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Home / Opinion / 10-3912 Marin-Garcia v. Holder

10-3912 Marin-Garcia v. Holder

Immigration
Removal; equal protection

The removal of an alien with citizen-children does not violate the constitutional rights of the children.

“The practice of removing aliens with citizen-children is constitutionally sound, and we also perceive no constitutional infirmity with the statute. Section 1229b(b)(1)(D) distinguishes between aliens who have close citizen-relatives in the United States and aliens who do not. Only if an alien has close citizen-relatives may the Attorney General cancel removal. Thus, Section 1229b(b) puts a thumb on the scale in favor of otherwise-removable aliens like Marin-Garcia. The provision reflects the legitimate and long-recognized Congressional policy of protecting the integrity of the family unit. See I.N.S. v. Errico, 385 U.S. 214, 220 (1966). But nothing in the constitution prohibits Congress from placing robust limits on that policy. Consistent with the expansive nature of Congress’s power over immigration matters, e.g., Diaz, 426 U.S. 67, 78 n.12 (noting the variety of statutory provisions that distinguish between aliens and non-aliens), ‘it is not for this Court to question the wisdom of [Congress’s] choice,’ Negusie v. Holder, 555 U.S. 511, ___, 129 S. Ct. 1159, 1180 n.2 (2009), to make it difficult to establish exceptional and extremely unusual hardship under Section 1229b(b)(1)(D). See also id. (‘“[O]ver no conceivable subject is the legislative power of Congress more complete than it is over” the decision of Congress to admit or exclude aliens.’) (quoting Oceanic Steam Nav. Co. v. Stranahan, 214 U.S. 320, 339 (1909)). Moreover, even if a more searching inquiry applied, Section 1229b(b)(1)(D) would survive. If an alien could avoid the consequences of unlawful entry into the United States by having a child, it would create perverse incentives and undermine Congress’s authority over immigration matters. See Ayala- Flores v. I.N.S., 662 F.2d 444, 446 (6th Cir. 1981) (a contrary rule ‘would create a substantial loophole in the immigration laws’). Of course, Marin-Garcia has not convinced us that a more searching standard should apply, and several other circuits have ruled that the removal of an illegal alien does not work a constitutional violation on the alien’s citizen-children. See Payne-Barahona, 474 F.3d at 2 & n.1 (collecting cases and noting that ‘[t]he circuits that have addressed the constitutional issue (under varying incarnations of the immigration laws and in varying procedural postures) have uniformly held that a parent’s otherwise valid deportation does not violate a child’s constitutional right’). To the extent our own precedent was not clear, we make it explicit today.”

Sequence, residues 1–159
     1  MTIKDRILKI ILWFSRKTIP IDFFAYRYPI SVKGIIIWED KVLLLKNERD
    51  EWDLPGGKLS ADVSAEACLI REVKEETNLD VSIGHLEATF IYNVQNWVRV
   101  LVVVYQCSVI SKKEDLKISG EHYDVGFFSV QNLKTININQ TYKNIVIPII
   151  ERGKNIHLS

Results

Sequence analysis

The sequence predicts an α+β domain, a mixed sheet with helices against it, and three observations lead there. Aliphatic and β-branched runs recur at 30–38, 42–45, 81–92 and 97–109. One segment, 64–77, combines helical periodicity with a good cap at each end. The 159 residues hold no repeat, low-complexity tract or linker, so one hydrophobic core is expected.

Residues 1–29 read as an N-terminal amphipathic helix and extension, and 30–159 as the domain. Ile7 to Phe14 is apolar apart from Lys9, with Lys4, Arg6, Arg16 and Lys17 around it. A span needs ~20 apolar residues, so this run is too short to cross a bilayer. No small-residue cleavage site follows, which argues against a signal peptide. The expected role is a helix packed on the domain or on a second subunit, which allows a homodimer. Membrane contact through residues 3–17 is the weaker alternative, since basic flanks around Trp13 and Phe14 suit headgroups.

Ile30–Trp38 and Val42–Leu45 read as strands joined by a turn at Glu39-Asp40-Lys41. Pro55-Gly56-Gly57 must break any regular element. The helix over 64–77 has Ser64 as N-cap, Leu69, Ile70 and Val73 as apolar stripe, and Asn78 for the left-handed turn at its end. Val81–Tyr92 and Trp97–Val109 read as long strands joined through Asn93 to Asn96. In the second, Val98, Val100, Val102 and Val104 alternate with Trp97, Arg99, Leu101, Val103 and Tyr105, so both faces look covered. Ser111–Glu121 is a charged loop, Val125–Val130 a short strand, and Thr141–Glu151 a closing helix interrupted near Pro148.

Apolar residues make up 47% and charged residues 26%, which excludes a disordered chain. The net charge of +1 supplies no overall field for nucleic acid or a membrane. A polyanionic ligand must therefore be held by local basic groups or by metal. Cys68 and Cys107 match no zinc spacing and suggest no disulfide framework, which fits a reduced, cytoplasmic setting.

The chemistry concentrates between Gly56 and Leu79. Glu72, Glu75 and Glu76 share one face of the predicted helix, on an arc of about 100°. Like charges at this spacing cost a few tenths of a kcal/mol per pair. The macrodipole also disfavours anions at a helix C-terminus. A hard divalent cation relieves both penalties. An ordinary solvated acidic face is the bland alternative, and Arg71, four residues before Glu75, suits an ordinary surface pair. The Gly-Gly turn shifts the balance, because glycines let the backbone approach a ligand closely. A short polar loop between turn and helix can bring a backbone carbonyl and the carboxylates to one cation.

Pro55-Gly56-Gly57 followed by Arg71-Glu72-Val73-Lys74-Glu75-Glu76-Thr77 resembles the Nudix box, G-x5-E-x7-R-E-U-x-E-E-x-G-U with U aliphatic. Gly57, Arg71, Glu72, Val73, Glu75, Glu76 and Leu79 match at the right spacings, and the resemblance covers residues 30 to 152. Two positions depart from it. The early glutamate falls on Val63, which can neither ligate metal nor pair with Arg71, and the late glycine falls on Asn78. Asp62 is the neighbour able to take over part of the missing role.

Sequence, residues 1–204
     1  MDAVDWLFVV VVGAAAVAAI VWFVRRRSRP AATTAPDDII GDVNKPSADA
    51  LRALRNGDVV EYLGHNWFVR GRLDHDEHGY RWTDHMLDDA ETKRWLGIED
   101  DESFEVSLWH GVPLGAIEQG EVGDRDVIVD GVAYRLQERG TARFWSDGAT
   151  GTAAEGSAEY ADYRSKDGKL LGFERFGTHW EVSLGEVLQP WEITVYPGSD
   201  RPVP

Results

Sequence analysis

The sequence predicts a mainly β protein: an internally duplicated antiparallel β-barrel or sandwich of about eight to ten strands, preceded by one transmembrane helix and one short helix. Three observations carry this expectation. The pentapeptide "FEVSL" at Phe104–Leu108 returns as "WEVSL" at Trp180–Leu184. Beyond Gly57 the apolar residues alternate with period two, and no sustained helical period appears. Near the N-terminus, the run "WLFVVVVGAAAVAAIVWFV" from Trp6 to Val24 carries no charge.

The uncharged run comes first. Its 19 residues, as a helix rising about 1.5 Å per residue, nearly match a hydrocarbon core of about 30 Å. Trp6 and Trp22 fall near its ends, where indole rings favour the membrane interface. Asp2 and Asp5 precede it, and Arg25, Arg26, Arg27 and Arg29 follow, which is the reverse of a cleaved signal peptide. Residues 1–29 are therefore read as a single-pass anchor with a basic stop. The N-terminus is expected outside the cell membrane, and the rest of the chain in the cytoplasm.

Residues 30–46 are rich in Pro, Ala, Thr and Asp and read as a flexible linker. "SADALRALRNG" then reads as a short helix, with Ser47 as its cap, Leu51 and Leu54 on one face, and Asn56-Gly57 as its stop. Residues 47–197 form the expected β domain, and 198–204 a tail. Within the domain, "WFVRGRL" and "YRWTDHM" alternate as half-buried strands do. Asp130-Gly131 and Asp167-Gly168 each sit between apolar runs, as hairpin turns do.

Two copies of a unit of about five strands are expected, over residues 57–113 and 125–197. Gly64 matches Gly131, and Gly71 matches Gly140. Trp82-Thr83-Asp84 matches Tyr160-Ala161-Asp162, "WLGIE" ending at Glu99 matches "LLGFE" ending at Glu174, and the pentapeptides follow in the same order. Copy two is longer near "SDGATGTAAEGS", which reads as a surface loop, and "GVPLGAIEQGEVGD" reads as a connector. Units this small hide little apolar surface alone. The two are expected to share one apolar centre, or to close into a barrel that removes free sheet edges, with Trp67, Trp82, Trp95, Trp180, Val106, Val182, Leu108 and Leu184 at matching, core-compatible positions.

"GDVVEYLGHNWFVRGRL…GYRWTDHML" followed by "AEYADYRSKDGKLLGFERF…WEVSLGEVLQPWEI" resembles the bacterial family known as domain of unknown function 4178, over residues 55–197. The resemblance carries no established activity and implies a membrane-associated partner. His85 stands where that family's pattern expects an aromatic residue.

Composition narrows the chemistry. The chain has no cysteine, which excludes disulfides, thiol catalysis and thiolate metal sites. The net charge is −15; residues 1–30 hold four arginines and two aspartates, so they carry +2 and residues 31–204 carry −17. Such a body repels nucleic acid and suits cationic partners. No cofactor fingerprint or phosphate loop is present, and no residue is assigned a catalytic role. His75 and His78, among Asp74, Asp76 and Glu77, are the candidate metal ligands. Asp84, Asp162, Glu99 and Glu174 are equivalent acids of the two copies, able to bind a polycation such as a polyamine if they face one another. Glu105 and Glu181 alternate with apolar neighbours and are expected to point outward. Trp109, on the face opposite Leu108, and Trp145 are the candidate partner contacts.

Petition Denied.

10-3912 Marin-Garcia v. Holder

Petition for Review of an Order of the Board of Immigration Appeals, Flaum, J.

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